Saving the New Mexico Meadow Jumping Mouse
That common name isn’t for nothing: New Mexico meadow jumping mice are amazing jumpers. Pushing off their big hind feet while keeping balance with their long tails, they can leap as far as 3 feet. They’re active mainly during the summer, when they have to breed and eat enough seeds in a few months to accumulate fat reserves for their long winter hibernation.
These acrobatic rodents love to swim, too, rarely venturing more than a few feet from running water. Unlike other meadow jumping mouse subspecies, they’re “riparian obligates,” living only in a meadows or grasslands with sensitive riparian habitat that meets very specific requirements, including perennial water, perfectly moist soils, and vegetation at least 24 inches tall.
Unfortunately, there’s not much of that habitat left. Riparian areas make up only 1% of the Southwest, and those that haven’t already been ruined by water withdrawals, development and other threats are falling prey to climate change, drought and grazing.
Livestock grazing is the main threat to New Mexico meadow jumping mice. Even just a few grazing animals can obliterate sensitive streamside habitat through loss of vegetation, alteration of the vegetative community, soil compaction, pollution with feces, and general destruction from trampling. A jumping mouse in grazed habitat often can’t collect enough food during its short active period to make it through the winter.
Today these bouncy little mice live only in five isolated mountain ranges in Colorado, New Mexico and Arizona, as well as in the Rio Grande Valley in Texas. New Mexico meadow jumping mice populations have plunged or even disappeared in all the habitat researchers have surveyed since 2000. Scientific surveys in 2005 and 2006 showed that the only surviving populations were in areas inaccessible to livestock.
Endangered Species Act Protections
Even with federal protection, New Mexico meadow jumping mice are being driven extinct by grazing on public lands. They’ve almost disappeared from two of the last places they live: the Sacramento Mountains in New Mexico and the Black River watershed in eastern Arizona’s White Mountains.
In 2016 the Service designated 13,973 acres of critical habitat in Arizona,New Mexico and Colorado — areas determined to be essential for protected species’ survival and recovery — as required by the Act.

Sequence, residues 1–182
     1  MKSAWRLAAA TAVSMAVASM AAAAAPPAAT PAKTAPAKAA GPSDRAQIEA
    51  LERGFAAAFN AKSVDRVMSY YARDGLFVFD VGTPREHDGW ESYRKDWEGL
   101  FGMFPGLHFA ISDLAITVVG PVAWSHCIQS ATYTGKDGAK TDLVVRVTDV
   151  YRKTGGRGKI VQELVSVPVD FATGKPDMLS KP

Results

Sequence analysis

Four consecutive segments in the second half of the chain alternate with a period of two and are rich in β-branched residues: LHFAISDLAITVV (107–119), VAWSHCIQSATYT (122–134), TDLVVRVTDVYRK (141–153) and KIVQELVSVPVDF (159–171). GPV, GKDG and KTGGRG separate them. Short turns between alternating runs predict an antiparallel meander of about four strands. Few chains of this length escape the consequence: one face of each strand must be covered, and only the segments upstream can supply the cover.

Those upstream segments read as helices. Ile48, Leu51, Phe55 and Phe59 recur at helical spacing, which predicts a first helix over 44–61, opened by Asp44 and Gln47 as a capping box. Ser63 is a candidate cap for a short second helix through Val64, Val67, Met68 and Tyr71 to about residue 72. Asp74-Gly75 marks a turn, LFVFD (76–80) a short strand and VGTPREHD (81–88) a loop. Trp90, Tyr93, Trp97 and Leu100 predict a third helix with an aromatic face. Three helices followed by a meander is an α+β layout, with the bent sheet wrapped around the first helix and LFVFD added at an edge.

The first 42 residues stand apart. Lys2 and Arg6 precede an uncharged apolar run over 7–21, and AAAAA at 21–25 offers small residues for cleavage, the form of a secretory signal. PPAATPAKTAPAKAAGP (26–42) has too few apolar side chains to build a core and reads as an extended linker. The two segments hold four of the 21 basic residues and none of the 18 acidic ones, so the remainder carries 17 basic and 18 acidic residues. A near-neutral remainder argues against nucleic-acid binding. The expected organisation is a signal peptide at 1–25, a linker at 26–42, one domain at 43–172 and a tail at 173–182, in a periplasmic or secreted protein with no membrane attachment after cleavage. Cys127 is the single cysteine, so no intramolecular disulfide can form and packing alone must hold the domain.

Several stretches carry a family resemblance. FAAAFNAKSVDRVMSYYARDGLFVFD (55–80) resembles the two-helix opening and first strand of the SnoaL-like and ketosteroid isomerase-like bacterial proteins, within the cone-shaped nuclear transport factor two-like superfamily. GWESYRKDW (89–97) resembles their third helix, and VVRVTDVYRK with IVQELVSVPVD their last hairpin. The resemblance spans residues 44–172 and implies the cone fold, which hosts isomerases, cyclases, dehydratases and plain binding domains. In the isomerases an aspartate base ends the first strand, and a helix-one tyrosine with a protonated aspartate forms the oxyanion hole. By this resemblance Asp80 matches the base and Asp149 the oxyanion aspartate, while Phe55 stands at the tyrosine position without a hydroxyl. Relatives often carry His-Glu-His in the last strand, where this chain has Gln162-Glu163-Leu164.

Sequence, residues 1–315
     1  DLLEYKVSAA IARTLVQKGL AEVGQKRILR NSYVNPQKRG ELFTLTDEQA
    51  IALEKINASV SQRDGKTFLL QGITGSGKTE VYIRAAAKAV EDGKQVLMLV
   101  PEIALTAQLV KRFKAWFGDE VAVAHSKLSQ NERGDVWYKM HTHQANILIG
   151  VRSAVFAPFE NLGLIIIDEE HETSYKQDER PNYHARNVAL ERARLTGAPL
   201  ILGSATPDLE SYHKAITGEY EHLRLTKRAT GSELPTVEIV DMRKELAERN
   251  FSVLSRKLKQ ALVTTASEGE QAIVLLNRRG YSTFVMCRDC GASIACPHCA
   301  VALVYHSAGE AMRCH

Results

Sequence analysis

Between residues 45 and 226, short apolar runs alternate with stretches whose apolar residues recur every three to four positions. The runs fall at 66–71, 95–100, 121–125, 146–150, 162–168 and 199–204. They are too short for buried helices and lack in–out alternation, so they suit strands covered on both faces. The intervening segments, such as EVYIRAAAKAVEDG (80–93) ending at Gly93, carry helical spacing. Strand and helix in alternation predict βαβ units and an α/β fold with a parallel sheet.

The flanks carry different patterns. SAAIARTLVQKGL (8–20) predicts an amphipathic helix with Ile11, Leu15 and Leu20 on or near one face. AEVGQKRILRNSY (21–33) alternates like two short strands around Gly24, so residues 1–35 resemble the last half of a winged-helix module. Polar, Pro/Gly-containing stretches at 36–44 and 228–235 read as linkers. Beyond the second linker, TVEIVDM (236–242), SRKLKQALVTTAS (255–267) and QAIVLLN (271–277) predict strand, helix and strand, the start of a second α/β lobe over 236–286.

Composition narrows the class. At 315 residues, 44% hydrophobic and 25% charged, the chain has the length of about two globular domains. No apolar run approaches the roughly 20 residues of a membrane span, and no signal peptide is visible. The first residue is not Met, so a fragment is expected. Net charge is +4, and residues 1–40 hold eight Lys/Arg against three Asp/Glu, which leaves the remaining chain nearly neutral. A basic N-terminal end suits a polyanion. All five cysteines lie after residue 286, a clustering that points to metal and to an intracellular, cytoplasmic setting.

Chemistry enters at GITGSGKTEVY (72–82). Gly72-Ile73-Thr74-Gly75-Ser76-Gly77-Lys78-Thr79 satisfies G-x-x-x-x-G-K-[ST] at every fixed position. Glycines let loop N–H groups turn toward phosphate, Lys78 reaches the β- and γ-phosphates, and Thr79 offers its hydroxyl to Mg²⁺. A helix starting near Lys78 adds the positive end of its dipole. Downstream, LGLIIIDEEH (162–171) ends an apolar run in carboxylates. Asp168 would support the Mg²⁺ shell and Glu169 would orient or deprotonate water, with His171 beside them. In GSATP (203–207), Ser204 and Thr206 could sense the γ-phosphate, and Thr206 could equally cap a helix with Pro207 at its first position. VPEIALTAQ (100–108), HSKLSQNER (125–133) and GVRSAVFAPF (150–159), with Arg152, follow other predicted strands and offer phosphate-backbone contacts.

The Grazing Problem
Even with federal protections, grazing on public lands is slowly driving New Mexico meadow jumping mice extinct. They’ve almost disappeared from two of the last places they live: the Sacramento Mountains in New Mexico and the Black River watershed in eastern Arizona’s White Mountains.
In the Sacramento Mountains, the main threat is authorized cows trespassing where they’re not allowed. In the White Mountains, the threat comes from unauthorized cows and feral horses that escaped from the nearby White Mountain Apache Reservation. These particular big, hooved animals weren’t a problem for the mice until the 2011 Wallow Fire destroyed a boundary fence, letting massive numbers of cows and feral horses move into the Black River watershed.
The U.S. Forest Service refused to address the destruction on federal lands in the White Mountains, violating the Endangered Species Act, which protects the mice and their habitat. After the Center and Maricopa Audubon successfully sued, the trespassing cows were returned to their White Mountain Apache owners in 2019. Unfortunately the tribe didn’t want the feral horses, who have continued to mow down the tall vegetation and trample the mice’s sensitive streamside habitat. Check out these photos of the habitat devastation caused by feral horses in the Black River watershed.
With nobody claiming them and nowhere to go, the feral horses sadly became “unauthorized livestock” that the Forest Service is required to remove — especially when the livestock are damaging critical habitat for endangered species. In addition to New Mexico meadow jumping mice, they’re are also endangering federally protected Apache trout.